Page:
Ancient Word of the Day: An

Throw open the windows of your soul

An: ‘To breath’ from Proto-Indo-European

If you empty your lungs you make an AHHHH sound on the exhale. The Proto-Indo-European word for this onomatopoeic sound is An.

The word an remains the same in Anglo-Saxon, Old English, Icelandic, Swedish and Dutch.

The ancient sound of an even exists within the word Human and Anmal. After all, when creatures die, they cease to have any an left in them.

Prana: The Breath of Life from Sanskrit.

Olivia Laing, The Lonely City: Adventures in the Art of Being Alone

Animism: The belief that all things, even rocks and trees have a living soul within them.

Unanimous: A group in agreement of the same idea.

Animalcules and Animalillia: The world’s smallest animals.

Microscopic treasures: Abstract art discovered under the microscope
Intake of a humped bladderwort (Utricularia gibba), a freshwater carnivorous plant (100x) (Igor Siwanowicz) Source: Imgur

Sanguinary: Means ‘of the blood’ in Latin. It came to mean a ruddy or reddish complexion, and also a cheerful, confident and positive disposition.

The Wound Man from Wellcome Library’s MS. 290 — Source (CC BY 4.0).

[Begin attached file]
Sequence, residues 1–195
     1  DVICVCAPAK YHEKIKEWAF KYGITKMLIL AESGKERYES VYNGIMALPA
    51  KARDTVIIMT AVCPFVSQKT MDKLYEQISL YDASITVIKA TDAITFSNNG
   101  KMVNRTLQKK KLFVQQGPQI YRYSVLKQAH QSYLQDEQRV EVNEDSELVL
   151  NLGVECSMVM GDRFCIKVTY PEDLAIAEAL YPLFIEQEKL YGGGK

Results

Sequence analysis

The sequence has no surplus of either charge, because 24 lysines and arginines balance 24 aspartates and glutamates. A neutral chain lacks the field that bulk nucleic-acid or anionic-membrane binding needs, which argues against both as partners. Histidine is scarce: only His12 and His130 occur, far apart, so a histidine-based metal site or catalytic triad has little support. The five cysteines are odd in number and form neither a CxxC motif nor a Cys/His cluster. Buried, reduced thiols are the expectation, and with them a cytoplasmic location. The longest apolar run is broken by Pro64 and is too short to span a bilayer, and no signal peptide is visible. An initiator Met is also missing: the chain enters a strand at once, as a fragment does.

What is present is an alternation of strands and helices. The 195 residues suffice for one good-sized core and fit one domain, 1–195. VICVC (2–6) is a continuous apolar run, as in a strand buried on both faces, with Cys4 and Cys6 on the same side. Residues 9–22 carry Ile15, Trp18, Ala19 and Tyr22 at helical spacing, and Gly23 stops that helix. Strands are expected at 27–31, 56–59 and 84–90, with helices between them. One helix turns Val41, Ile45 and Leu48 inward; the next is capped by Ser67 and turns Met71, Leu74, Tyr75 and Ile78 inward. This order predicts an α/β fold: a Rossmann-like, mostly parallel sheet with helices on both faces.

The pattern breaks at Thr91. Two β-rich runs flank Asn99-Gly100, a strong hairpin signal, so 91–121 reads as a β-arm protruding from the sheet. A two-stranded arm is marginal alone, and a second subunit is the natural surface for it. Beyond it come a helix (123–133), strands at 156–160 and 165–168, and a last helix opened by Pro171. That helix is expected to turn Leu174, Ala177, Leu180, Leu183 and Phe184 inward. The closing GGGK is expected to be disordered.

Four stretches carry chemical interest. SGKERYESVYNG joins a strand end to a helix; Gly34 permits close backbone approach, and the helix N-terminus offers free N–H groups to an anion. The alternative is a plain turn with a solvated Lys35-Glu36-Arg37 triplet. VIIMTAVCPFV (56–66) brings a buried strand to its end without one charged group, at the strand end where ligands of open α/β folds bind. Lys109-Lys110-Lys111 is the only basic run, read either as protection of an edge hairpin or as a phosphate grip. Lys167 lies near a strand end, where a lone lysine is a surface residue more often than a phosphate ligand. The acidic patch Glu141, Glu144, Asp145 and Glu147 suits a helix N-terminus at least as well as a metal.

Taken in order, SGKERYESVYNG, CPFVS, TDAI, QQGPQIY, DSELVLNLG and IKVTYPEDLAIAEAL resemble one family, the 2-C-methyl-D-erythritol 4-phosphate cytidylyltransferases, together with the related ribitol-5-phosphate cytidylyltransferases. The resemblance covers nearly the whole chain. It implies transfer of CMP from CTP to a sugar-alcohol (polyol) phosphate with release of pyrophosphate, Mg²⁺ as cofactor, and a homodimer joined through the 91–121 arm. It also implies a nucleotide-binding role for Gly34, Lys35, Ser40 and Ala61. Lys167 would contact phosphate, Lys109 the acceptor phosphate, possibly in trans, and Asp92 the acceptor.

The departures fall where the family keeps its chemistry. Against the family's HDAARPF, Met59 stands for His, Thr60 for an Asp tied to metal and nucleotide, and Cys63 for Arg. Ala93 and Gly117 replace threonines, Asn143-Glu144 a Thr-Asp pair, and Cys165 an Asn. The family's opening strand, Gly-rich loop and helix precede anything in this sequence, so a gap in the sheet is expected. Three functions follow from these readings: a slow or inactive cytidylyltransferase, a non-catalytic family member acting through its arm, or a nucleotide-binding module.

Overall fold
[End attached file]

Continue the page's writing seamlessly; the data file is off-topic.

References

An Etymological Dictionary of the English Language By Walter W. Skeat (1910)

A Concise Dictionary of Middle English From A.D. 1150 To 1580 by A. L. Mayhew and Walter W. Skeat (1888)

Medieval Bodies by Jake Hartnell

Published by Content Catnip

Content Catnip is a quirky internet wunderkammer written by an Intergalactic Space Māori named Content Catnip. Join me as I meander through the quirky and curious aspects of history, indigenous spirituality, the natural world, animals, art, storytelling, books, philosophy, travel, Māori culture and loads more.

6 thoughts on “Ancient Word of the Day: An

    1. I’m glad you enjoy these posts Cheche, yes language origins are so fascinating! I would love to study this, but there aren’t too many jobs in this area so instead I just blog about it. Thank you for reading and take care my friend

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      1. This is great, with time and more research bringing it our here may end up creating more jobs. Stay safe

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    1. I’m glad you enjoyed this River, yes burrowing into the origins of language is so enjoyable. Thanks for reading 🙂

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